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Open Access Highly Accessed Case Report

Brainstem abnormalities and vestibular nerve enhancement in acute neuroborreliosis: a case report

Nadja A Farshad-Amacker*, Hans Scheffel, Thomas Frauenfelder and Hatem Alkadhi

Author Affiliations

Diagnostic and Interventional Radiology Department, University Hospital of Zurich, Raemistrasse 100, Zurich 8091, Switzerland

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BMC Research Notes 2013, 6:551  doi:10.1186/1756-0500-6-551

The electronic version of this article is the complete one and can be found online at: http://www.biomedcentral.com/1756-0500/6/551


Received:31 July 2012
Accepted:16 December 2013
Published:21 December 2013

© 2013 Farshad-Amacker et al.; licensee BioMed Central Ltd.

This is an open access article distributed under the terms of the Creative Commons Attribution License (http://creativecommons.org/licenses/by/2.0), which permits unrestricted use, distribution, and reproduction in any medium, provided the original work is properly cited.

Abstract

Background

Borreliosis is a widely distributed disease. Neuroborreliosis may present with unspecific symptoms and signs and often remains difficult to diagnose in patients with central nervous system symptoms, particularly if the pathognomonic erythema chronica migrans does not develop or is missed. Thus, vigilance is mandatory in cases with atypical presentation of the disease and with potentially severe consequences if not recognized early. We present a patient with neuroborreliosis demonstrating brain stem and vestibular nerve abnormalities on magnetic resonance imaging.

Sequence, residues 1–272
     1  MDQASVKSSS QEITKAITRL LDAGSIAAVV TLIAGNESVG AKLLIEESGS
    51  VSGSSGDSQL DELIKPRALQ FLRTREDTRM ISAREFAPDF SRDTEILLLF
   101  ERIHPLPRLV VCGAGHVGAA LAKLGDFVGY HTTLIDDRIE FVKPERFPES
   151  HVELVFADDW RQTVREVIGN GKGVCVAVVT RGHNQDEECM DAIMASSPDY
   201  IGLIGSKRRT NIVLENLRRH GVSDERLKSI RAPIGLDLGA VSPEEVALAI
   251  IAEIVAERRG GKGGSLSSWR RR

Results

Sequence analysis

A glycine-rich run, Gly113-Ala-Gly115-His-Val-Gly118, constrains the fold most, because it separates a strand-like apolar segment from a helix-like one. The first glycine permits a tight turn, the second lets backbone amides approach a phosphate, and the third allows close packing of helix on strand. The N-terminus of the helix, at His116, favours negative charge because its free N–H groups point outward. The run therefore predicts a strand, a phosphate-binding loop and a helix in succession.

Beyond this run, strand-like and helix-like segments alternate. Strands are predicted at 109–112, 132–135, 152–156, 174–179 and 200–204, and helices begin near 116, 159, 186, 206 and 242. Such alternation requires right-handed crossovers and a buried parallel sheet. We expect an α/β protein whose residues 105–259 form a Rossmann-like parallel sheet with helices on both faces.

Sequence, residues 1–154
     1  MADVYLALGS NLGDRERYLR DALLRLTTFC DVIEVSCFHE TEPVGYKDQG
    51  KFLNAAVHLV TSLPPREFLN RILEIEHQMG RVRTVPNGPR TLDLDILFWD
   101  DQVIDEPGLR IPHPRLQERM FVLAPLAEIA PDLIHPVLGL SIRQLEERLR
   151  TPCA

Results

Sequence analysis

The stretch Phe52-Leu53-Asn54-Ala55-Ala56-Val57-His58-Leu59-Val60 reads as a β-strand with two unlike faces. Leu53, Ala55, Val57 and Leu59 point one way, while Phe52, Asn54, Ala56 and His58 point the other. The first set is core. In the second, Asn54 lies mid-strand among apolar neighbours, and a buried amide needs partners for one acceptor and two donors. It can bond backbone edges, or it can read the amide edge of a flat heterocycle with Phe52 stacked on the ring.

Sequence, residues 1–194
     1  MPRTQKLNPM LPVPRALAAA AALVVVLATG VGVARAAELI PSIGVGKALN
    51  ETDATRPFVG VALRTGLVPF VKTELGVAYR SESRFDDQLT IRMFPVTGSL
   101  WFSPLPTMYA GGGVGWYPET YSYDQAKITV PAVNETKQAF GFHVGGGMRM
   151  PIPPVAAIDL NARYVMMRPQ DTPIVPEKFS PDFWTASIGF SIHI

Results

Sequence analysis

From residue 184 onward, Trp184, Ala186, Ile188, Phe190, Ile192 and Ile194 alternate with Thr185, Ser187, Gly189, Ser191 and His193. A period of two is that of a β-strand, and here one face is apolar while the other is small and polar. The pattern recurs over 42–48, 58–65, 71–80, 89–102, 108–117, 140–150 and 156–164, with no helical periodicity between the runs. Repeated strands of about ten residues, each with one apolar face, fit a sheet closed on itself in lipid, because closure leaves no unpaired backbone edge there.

Case presentation

A 28-year-old Caucasian female presented with headaches, neck stiffness, weight loss, nausea, tremor, and gait disturbance. Magnetic resonance imaging showed T2-weighted hyperintense signal alterations in the pons and in the vestibular nerves as well as bilateral post-contrast enhancement of the vestibular nerves. Serologic testing of the cerebrospinal fluid revealed the diagnosis of neuroborreliosis.

Conclusion

Patients infected with neuroborreliosis may present with unspecific neurologic symptoms and magnetic resonance imaging as a noninvasive imaging tool showing signal abnormalities in the brain stem and nerve root enhancement may help in establishing the diagnosis.

Keywords:
Borreliosis; Brain stem; MRI; Neuroborreliosis; Vestibular nerve enhancement

Background